Bringing on the new is familiar ground for this captain of the fleet
Author A. Averyl Re
FOR CAPTAIN DAVE LUNDY, service has been an overriding focus of his career. Starting immediately after college, he flew active duty in the military, spending 28 years serving in the U.S. Air Force before transitioning to commercial jets.
Now Lundy is engaged in service of a different kind: He leads the team putting together the flight operations and pilot training requirements to bring the Boeing 787 Dreamliner into the United fleet.
“Everyone should be married once, and everyone should be part of a team that brings on a fleet type once,” Lundy says. He married his “amazing” wife, Cindy, some three decades ago; as for the second endeavor—well, he hasn’t been quite as successful limiting himself to just one. Before taking on the plane he calls the “Starship Enterprise,” Lundy shepherded the inductions of the 757 and the 777.
“The 757 was a piece of cake; the 777 was more complicated,” he recalls. “And the 787 takes twice if not three times more effort than the 777. There are significant design and system changes, along with a very sophisticated electrical architecture. Although it does have a common type rating, it’s a vastly different airplane.”
“Induction” means developing the aircraft operating manuals and specifications, training programs and other resources needed to ensure that United pilots are well prepared to step into the flight deck of the new fleet.
For the 787, this intricate planning began seven years ago. Then two years ago Lundy, six other cadre check airmen and two ground instructors went to Boeing to train and learn about the new aircraft, which the manufacturer was still developing.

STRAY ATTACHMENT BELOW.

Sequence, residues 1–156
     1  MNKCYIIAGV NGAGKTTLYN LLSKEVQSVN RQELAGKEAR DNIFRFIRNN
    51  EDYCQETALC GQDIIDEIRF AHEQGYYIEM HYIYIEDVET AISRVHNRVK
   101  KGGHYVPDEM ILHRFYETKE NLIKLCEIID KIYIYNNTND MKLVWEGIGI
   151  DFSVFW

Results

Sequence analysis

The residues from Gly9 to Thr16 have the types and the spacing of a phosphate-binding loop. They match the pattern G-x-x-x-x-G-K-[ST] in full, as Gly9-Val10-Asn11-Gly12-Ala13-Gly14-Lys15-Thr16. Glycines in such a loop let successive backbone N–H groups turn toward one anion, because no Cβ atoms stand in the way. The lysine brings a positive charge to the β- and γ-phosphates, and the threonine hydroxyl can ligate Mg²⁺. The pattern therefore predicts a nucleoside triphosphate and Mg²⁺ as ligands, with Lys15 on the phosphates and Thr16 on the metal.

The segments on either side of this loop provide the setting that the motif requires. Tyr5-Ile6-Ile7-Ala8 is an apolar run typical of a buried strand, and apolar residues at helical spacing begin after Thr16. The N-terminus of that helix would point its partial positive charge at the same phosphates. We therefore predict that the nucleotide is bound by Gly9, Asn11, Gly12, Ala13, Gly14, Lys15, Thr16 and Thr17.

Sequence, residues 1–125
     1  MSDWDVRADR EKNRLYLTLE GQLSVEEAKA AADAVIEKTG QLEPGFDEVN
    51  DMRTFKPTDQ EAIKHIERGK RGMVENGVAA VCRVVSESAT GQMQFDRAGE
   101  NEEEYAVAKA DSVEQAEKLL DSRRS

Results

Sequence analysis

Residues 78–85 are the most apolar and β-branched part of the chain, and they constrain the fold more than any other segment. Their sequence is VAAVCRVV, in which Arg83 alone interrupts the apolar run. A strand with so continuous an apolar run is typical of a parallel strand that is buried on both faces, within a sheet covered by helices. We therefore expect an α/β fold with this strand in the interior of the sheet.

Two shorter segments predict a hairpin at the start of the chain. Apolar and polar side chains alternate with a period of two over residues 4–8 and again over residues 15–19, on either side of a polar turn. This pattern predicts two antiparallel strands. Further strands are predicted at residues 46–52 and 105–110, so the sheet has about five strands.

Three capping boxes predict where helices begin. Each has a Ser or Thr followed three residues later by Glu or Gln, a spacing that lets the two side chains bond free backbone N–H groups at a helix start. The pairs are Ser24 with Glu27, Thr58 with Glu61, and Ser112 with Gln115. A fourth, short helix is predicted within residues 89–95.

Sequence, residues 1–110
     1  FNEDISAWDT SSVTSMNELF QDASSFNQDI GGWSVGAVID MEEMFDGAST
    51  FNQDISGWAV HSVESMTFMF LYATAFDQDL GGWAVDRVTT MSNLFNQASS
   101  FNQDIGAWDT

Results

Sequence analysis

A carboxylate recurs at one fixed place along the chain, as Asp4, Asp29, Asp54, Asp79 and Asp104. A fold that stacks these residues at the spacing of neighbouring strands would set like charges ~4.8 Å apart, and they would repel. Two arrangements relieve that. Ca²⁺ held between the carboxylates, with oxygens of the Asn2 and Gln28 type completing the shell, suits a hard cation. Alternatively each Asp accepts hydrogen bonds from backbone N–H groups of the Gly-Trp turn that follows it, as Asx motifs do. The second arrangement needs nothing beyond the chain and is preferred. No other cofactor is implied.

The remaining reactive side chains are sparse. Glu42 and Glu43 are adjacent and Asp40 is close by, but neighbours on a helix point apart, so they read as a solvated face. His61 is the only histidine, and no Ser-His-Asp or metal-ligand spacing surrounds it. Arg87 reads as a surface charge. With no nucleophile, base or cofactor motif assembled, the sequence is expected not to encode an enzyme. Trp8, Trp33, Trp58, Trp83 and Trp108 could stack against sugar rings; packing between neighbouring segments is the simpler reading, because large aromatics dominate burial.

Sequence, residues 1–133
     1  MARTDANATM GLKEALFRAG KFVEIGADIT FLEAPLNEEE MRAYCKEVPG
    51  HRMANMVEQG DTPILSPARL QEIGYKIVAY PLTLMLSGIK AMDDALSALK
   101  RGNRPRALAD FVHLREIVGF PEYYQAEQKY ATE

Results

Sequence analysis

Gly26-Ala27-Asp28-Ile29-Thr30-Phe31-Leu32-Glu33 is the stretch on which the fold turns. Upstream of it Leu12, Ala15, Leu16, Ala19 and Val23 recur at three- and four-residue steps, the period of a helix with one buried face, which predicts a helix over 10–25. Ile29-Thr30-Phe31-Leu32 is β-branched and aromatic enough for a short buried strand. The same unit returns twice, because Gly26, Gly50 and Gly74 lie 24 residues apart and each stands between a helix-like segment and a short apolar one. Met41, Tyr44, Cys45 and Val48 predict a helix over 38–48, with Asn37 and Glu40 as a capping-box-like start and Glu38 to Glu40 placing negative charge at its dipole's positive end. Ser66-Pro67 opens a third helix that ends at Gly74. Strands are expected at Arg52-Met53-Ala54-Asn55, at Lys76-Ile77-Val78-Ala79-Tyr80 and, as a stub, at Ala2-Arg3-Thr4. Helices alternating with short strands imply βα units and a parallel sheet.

Lundy is one of the first four pilots outside Boeing to be type-certified on the 787. He and the others based United’s training on Boeing’s, but made significant changes to better prepare pilots for the job ahead.
For example, Lundy championed putting heads-up displays (HUDs) in all of United’s flight-training devices. The HUD’s glass screen superimposes instrument data in front of the windshield, within the pilot’s field of vision. “It provides information without your having to look down at traditional displays,” Lundy says. “It enables a much more efficient instrument scan at the same time you look at the far end of the runway.”
Lundy and others worked with HUDs in the military, but the technology is new to United jets. For that reason, Lundy felt pilots needed to become comfortable with it from the very beginning of training.
“Waiting to provide real HUD training to 787 pilots until they hit the full flight simulator or even the airplane itself is like trying to add ingredients to a cake after it has been baked,” he says. “It just doesn’t work.”
Thanks to Lundy, United is the first airline to put HUDs in flight-training devices. His attention to such details makes him a natural choice when the airline needs to bring on a new fleet type.
Through the efforts of Lundy and his team, United will have several hundred pilots certified on the 787. But beyond training others, Lundy is excited to be flying the new aircraft himself. “I began my airline career flying Convair 580s, and I’ll wrap it up flying the plane that sets the standard for safety, efficiency and passenger comfort for the next decade or more,” he says. “Sure, we had to wait for it. But it’s worth the wait.”
When Lundy talks about the 787, he marvels at its 20 percent higher fuel efficiency when compared with current operating aircraft, and its 30 percent reduction in maintenance and direct operating costs. Those efficiencies open up new possibilities for customers, such as additional nonstop markets.
Lundy and his colleagues began flying the 787 domestically Nov. 4. The successful induction marks yet one more achievement in Lundy’s 43-year career—more than four decades of exemplary service from just the sort of man needed to captain the “Starship Enterprise.”